Tuesday, December 30, 2014

Domaine FAIVELEY/Jospeh FAIVELEY -- 2013 Côte de Beaune and Côte Chalonnaise from Cask and Bottle

Domaine FAIVELEY/Joseph FAIVELEY* (Nuits-Saint-Georges)

2013s  from Cask and Bottle

Jérôme Flous, who is in charge of making the wines here, said that harvesting began on September 25 – on the Côte de Beaune. The whites were not badly hit by hail, but the reds on the Côte de Beaune were. The early harvest for the whites meant that the botrytis that later developed was not an issue here. The harvest for the reds began on October 7, meaning that there was some rain. All grapes were entirely destemmed. For some wines, malolactic fermentations were late, for some the were not.

Jérôme said that in general, the Côte Chalonnaise wines would be bottled in December, the Côte d’Or wines in February and March.

Domaine Faiveley is the name used for wines from vineyards Faiveley owns or leases, and Jospeh Faiveley is the name used for negociant wines. Wines marked with an asterisk (*) are Joseph Faiveley, the rest are Domaine Faiveley.

We start with the reds:

2013 Mercurey 1er Cru – Clos des Myglands
This wine was bottled a week prior to my visit on November 17. It has raspberries in the nose and mouth. It is medium-weight, round, and sensual, even though there are tannins present. It should make for good drinking young, but also with some aging potential. 90/A

2013 Mercurey 1er Cru – Clos du Roy
The floral nose is followed by a palate that is light, elegant, and long with raspberry fruit. The wine is harmonious and shows finesse and energy. Both this wine and the Clos de Myglands present potential values in a market of escalating prices. (89-93)

2013 Volnay 1er Cru – Frémiets*
This wine shows dark fruit, density, purity, and intensity, but with finesse, lightness, and some tannin on the finish. Faiveley does not own this vineyard but does do the work in the vineyard. (89-92)

2013 Pommard 1er Cru – Les Rugiens
This wine was still quite unformed when I tasted it and showed quite a bit of oak along with lightness on the palate; it was not easy to judge on this visit. Yield here was but 15 hl/ha. (86-90)

2013 Corton Clos des Cortons Faiveley
In 2013, no hail on these vines. The wine has dark fruits and is round, long, and pure. It shows less structure and power and more finesse than one usually expects – the finesse of the vintage showing. (92-96)

The whites:

2013 Meursault 1er Cru – Blagny*
The wine shows some pear aromas. The mouth displays good minerality and richness for Blagny, which is high on the hill. The wine has very good length and an overall ethereal quality. (90-93)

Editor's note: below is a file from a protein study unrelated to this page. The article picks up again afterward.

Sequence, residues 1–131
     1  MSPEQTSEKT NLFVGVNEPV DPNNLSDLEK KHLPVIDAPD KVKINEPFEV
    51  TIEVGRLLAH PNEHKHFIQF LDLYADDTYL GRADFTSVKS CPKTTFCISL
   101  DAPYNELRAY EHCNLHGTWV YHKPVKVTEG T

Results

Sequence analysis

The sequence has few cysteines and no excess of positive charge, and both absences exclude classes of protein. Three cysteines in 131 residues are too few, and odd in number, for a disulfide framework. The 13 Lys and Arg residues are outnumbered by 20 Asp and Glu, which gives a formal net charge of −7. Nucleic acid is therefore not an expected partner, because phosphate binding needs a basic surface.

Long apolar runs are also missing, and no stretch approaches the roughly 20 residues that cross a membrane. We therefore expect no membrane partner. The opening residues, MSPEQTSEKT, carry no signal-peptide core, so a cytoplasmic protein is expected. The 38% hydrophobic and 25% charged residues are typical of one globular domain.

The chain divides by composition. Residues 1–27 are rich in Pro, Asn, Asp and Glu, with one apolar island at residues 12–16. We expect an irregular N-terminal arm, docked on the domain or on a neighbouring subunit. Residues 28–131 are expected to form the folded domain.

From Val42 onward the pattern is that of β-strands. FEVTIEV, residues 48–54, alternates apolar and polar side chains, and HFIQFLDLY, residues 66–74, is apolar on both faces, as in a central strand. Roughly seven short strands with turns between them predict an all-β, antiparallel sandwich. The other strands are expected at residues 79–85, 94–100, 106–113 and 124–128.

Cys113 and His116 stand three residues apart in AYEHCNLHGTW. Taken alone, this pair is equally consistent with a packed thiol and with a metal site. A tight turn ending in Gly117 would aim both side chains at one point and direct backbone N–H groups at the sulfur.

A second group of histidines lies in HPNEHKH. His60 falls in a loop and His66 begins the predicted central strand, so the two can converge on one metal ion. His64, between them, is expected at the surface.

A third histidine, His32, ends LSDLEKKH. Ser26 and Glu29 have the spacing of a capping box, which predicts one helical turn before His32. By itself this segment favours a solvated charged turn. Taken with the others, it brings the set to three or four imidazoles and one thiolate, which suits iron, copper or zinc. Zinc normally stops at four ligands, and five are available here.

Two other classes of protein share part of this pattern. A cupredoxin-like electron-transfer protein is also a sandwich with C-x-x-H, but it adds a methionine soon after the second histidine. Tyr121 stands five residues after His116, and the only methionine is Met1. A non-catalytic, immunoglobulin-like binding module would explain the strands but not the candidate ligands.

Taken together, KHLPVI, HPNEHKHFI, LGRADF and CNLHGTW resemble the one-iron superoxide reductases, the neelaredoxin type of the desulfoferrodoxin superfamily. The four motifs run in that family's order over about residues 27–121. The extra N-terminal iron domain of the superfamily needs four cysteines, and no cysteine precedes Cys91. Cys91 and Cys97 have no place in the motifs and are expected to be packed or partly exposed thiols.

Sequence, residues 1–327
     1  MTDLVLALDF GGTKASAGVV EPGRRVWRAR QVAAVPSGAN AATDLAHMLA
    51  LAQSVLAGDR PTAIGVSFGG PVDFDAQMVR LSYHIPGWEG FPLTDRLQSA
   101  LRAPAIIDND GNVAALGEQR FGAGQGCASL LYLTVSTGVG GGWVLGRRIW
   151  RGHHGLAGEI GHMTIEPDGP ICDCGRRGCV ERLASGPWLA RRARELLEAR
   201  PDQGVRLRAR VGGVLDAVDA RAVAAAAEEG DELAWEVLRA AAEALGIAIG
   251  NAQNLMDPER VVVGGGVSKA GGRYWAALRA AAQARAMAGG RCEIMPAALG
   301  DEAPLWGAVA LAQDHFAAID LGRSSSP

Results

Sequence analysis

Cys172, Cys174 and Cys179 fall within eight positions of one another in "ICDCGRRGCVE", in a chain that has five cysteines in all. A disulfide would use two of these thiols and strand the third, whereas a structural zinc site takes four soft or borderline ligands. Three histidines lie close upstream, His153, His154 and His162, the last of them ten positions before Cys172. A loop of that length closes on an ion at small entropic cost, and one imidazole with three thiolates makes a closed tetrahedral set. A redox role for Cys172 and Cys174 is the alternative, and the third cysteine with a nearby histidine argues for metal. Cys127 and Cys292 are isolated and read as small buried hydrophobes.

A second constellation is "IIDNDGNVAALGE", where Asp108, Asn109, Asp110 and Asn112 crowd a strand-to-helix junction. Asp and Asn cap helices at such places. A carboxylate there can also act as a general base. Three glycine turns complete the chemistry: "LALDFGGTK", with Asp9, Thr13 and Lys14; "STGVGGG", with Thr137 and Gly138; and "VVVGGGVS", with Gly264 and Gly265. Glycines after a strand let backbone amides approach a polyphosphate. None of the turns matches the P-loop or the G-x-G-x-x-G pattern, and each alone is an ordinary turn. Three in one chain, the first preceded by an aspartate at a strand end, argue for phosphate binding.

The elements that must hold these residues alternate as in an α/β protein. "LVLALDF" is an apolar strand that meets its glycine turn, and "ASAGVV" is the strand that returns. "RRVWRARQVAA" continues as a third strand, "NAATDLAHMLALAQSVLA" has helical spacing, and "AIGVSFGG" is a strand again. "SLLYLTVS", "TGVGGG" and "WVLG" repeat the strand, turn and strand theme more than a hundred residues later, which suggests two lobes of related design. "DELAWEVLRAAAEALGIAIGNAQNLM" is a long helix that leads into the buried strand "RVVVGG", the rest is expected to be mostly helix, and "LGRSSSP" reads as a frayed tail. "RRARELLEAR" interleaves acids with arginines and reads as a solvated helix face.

2013 Meursault 1er Cru – Charmes*
This wine comes from the upper, or dessus portion of the Charmes, which is considered the superior part. The nose is opulent with ripe quince aromas. The mouth shows good acidity and minerality, and overall the wine is long and nervy. (90-94)

2013 Chassagne-Montrachet 1er Cru – Morgeot*
The vigneron from whom the grapes were purchased harvested later than Faiveley and the grapes had turned by the time they were brought in. Still, the wine is surprisingly good (at least for now), if atypical, and I would drink it young. The wine shows licorice aromas. It is medium-weight and quite ripe, and seems more Riesling-like than Chardonnay. It will require a careful selection of foods – perhaps a creamy cheese or a rich fish stew. (89-93)

2013 Bienvenues-Bâtard-Montrachet
The nose here is clear and pure with lime blossoms. The mouth has clear, pure lime fruit and the wine is nervy, medium-weight, and precise with minerality and saltiness. It is very fine BBM. (92-96)

2013 Bâtard-Montrachet
The Bâtard-Montrachet is richer than the Bienvenues but still remains light and ethereal with penetrating minerality. The wine is energetic and shows a bit more creaminess than the Bienvenues. This is excellent Bâtard-Montrachet. (93-96)

2013 Corton-Charlemagne
As good as the previous two were, the Corton-Charlemagne is still better. The nose is quite stony. The mouth is medium-light, mineral, and deep, and the wine is very tightly-wound. This is classic young Corton-Charlemagne. (94-97)